That may be because this case is unusual in that City stand accused of misleading Uefa’s investigators, rather than simply a conventional FFP breach of inflating the value of a sponsorship deal and failing to break even.
It has been noted by some at Uefa that City are insisting they have provided evidence that proves that the “accusation of financial irregularities remains entirely false”, but in their statements they do not refer to the more pertinent allegation that they may have misled investigators.
Will City appeal?
Judging by their statements, almost certainly.
They say they are “entirely confident of a positive outcome when the matter is considered by an independent judicial body”, ie CAS.
How do City feel about all this?
The club is making very clear just how angry and upset it is, and have three prestigious law firms working for them on this case.
For months after the leaked documents were published, City limited their statements to highlighting their belief that emails between senior figures at the club had been hacked and that this was the result of a coordinated campaign to smear them.
But more recently the club has taken a more aggressive approach, refuting the allegations of financial irregularity, directly criticising Leterme by name, and the CFCB for leaked information and referring to “mistakes, misinterpretations and confusions fundamentally borne out of a basic lack of due process” and a “wholly unsatisfactory, curtailed, and hostile process”.
City are also puzzled that Leterme seems to have told the adjudicatory chamber that the club has further questions to answer but City have not been told what.
Some may see all this as a genuine mood of injustice, others as a bid to force Uefa into a deal or indicative of how rattled City’s hierarchy now is.
But it is interesting that City referred to a “sudden” referral by Leterme. The club have noted that it is five years to the day since Uefa announced City had breached FFP rules and fined them £49million, (although City received £33m back three years later after they met regulations), and this suggests they may argue that the decision to refer was influenced by this, and rushed as a result.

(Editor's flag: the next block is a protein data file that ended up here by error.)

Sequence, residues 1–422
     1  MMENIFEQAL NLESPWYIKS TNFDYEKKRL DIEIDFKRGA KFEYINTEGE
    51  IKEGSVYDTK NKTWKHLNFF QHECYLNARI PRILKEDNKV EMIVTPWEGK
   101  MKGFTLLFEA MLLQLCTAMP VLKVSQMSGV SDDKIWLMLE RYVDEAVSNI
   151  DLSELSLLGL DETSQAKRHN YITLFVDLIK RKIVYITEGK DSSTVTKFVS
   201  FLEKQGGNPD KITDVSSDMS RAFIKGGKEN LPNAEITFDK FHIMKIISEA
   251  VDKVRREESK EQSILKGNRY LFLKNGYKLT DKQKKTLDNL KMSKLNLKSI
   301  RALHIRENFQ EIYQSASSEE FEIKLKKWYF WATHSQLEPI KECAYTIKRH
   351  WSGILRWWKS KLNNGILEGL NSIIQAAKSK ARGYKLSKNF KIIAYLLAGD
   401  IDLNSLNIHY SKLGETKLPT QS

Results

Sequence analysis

According to the CFCB’s own regulations, they cannot bring prosecutions more than five years after the event.
It is understood that investigators are confident they can show this decision was not rushed because of this ‘statute of limitations’ deadline.
They could also make the point that they were actually considerate of City’s footballing interests by waiting until after the club had retained the Premier League title before referring their case.
City almost certainly took a dim view of an interview Leterme gave to a Belgian magazine earlier this year in which he warned: “If what has been written about Manchester City is true, there might be a serious problem. This can lead to the heaviest punishment – exclusion from Uefa competitions.
“If the (Der Spiegel) information is correct, this goes against the truthful reporting of financial affairs,” he added.
I understand that some Uefa investigators were initially unsure whether it was their responsibility to assess whether City had misled them. But they eventually concluded that because FFP requires clubs to truthfully report their financial affairs and transactions when they apply for a licence to compete in European club competitions, it fell within their remit.
How damaging is this for City?
Being barred from the competition that many believe Manchester City’s owner covets more than any other would be a serious blow.
Uefa gives clubs competing in the tournament 2 billion euros each year, so it would have a major financial impact.
And being labelled cheats who have flouted the rules of the sport would not go down well with the Abu Dhabi royal family, who many believe have invested vast amounts in the club to improve the UAE’s image abroad and to help deflect attention away from the country’s human rights record.
While none of this is the responsibility of City’s squad or playing staff, it may be slightly unsettling for a club that is trying to prepare for the FA Cup final on Saturday and secure an unprecedented domestic treble.
With a bus parade through the streets of Manchester being planned for Monday, this should have been a week of uninterrupted celebrations for City, one of the greatest teams ever to grace the Premier League.
Instead they find themselves a step closer to a humiliating Champions League ban – and had to explain a video appearing to show players and staff singing a song that celebrates Liverpool fans being “battered in the streets” and Mohamed Salah being injured in last year’s final, for which they have also been widely criticised.
And they still remain under separate investigations of their finances and transfer dealings by Fifa, the FA and the Premier League.
There is much at stake for the dominant force in the English game over the coming months.